How the gig economy is changing people operations

The so-called gig economy extends far beyond Uber, Lyft and the other consumer-focused startups that are most closely associated with the phenomenon. Independent contractors’ growing role in the job market is also increasingly affecting how regular businesses operate. This shift is set introduce new opportunities, as well as long-term challenges into the HR equation.

There are two separate, but fast-converging, undercurrents to the trend. The first is businesses’ growing reliance on freelancers in day-to-day operations. Freelancing is not new by any means, but the last two decades have seen casual work experience an unprecedented rise in popularity. A landmark Brookings Institution study published last October revealed that the number of independent contractors in the US rose about 27 percent more than payroll employees over the last 20 years. This figure jumps to 44 percent in the most heavily-impacted industries.

The trend reached a peak during the Great Recession. Young professionals and recent graduates who struggled to find traditional positions started exploring alternatives, which set off a boom in freelancing. The emergence of startups such as Uber in the same period only added fuel to the fire. These companies soon became an entire industry of on-demand service providers, thus the creating other major undercurrent that drives the gig economy.

The number of players in this market never stopped growing. So much so, in fact, that it has almost become a cliche to describe a startup as the “Uber of” a certain industry because of how many of them there are.

The consumer-focused players that laid the groundwork now compete alongside a rising number of providers focused on catering to fellow businesses. Publicly-traded GrubHub and its numerous startup rivals, for example, have carved out a niche helping the restaurant industry deliver orders with on-demand couriers. A similar ecosystem exists around on-demand office management. And there are many other players too (the recently funded Eden, for instance) who offer everything from on-demand tech support to on-demand handyman services.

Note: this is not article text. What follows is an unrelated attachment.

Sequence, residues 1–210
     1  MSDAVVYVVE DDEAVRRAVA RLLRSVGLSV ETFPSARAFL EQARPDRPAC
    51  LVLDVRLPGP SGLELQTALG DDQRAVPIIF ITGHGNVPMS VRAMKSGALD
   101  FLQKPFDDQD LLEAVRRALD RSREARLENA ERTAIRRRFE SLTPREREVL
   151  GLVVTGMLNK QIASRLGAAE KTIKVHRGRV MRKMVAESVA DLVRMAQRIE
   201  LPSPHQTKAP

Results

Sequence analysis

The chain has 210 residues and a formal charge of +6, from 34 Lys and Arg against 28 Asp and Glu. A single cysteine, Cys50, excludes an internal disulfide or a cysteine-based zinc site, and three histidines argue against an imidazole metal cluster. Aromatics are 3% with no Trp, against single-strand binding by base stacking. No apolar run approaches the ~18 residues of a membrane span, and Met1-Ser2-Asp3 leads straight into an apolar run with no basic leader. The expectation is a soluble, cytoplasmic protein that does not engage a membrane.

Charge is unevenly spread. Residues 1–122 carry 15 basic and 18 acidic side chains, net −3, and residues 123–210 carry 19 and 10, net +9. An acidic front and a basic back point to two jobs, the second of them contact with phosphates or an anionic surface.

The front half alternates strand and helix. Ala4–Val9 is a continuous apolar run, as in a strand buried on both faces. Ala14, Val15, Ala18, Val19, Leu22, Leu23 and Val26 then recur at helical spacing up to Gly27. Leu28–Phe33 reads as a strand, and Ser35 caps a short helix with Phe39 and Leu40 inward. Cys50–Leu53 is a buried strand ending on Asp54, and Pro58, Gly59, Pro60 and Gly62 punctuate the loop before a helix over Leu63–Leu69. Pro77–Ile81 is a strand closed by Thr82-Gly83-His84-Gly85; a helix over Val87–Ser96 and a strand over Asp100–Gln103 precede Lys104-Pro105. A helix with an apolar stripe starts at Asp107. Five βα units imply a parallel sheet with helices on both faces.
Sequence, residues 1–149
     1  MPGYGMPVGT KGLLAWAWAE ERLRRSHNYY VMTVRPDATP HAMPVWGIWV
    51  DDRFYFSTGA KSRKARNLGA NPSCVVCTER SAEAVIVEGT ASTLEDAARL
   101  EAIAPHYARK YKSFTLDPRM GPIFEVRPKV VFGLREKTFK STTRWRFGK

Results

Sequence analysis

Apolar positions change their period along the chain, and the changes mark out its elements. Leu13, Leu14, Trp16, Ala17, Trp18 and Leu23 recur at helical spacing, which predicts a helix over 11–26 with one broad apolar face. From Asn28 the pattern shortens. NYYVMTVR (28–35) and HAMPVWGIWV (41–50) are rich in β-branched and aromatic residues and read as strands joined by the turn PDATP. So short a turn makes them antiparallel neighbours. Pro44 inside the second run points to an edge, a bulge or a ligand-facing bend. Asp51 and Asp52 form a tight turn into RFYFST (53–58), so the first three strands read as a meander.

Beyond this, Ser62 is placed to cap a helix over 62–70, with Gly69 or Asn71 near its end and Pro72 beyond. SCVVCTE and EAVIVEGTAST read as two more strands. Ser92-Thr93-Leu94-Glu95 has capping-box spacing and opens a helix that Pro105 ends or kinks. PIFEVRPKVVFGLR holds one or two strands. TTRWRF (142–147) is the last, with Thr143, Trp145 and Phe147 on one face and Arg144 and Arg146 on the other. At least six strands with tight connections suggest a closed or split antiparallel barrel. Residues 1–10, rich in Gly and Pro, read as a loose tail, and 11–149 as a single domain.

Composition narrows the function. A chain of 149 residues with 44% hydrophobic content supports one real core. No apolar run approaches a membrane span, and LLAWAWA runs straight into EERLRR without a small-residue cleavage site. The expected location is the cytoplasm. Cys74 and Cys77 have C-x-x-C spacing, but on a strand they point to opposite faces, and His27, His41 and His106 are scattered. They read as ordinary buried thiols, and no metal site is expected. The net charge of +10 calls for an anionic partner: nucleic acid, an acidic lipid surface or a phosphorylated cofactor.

The abundance of cost-effective manpower is proving valuable for small businesses. Providers such as GrubHub can handle certain tasks more efficiently than they could be done in-house, which reduces costs. The operational impact is especially pronounced when factoring in the freelancers that companies employ directly.

Overall, it’s estimated that 36 percent of small businesses currently rely on independent contractors. The growth of the gig economy should create even more opportunities for companies to streamline operations, but it’s set to bring new challenges too. Those in turn can be boiled down to one word: regulation.

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Legislative pressure

The first high-profile attempt to regulate the US gig economy came last year from a rather unexpected source: Handy, an on-demand home services provider. The startup pitched a draft bill to legislators in its native New York that called for legal guidelines to be established on employing independent contractors. Most notably, the proposal sought to have companies pay 2.5 percent of a freelancer’s income into a health savings account.

Handy’s push ended up fizzling out, likely in no small part due to the criticism that the bill had received. But the initiative was followed by a much more substantive legislative effort in Congress not long after. This May, Virginia Democrat Sen. Mark Warner introduced a federal bill that would allocate funding to figuring out how companies can give independent contractors traditional employee benefits.

The measure is likely a sign of bigger things to come. With half of the US working population expected to become freelancers within a decade, some sort of broad legislative response is bound to arrive sooner or later. Several initiatives to regulate gig economy giants such as Uber have already been launched in Europe, which may provide a general idea of what to expect stateside.

The growing regulatory scrutiny around the gig economy could on the long run also affect the numerous small businesses that rely on on-demand services or employ freelancers directly. As a result, the best course of action is to take a careful approach. Companies should explore how the gig economy can help them become more competitive, but make sure they wouldn’t be adversely impacted by any legislative changes which may happen in the coming years.

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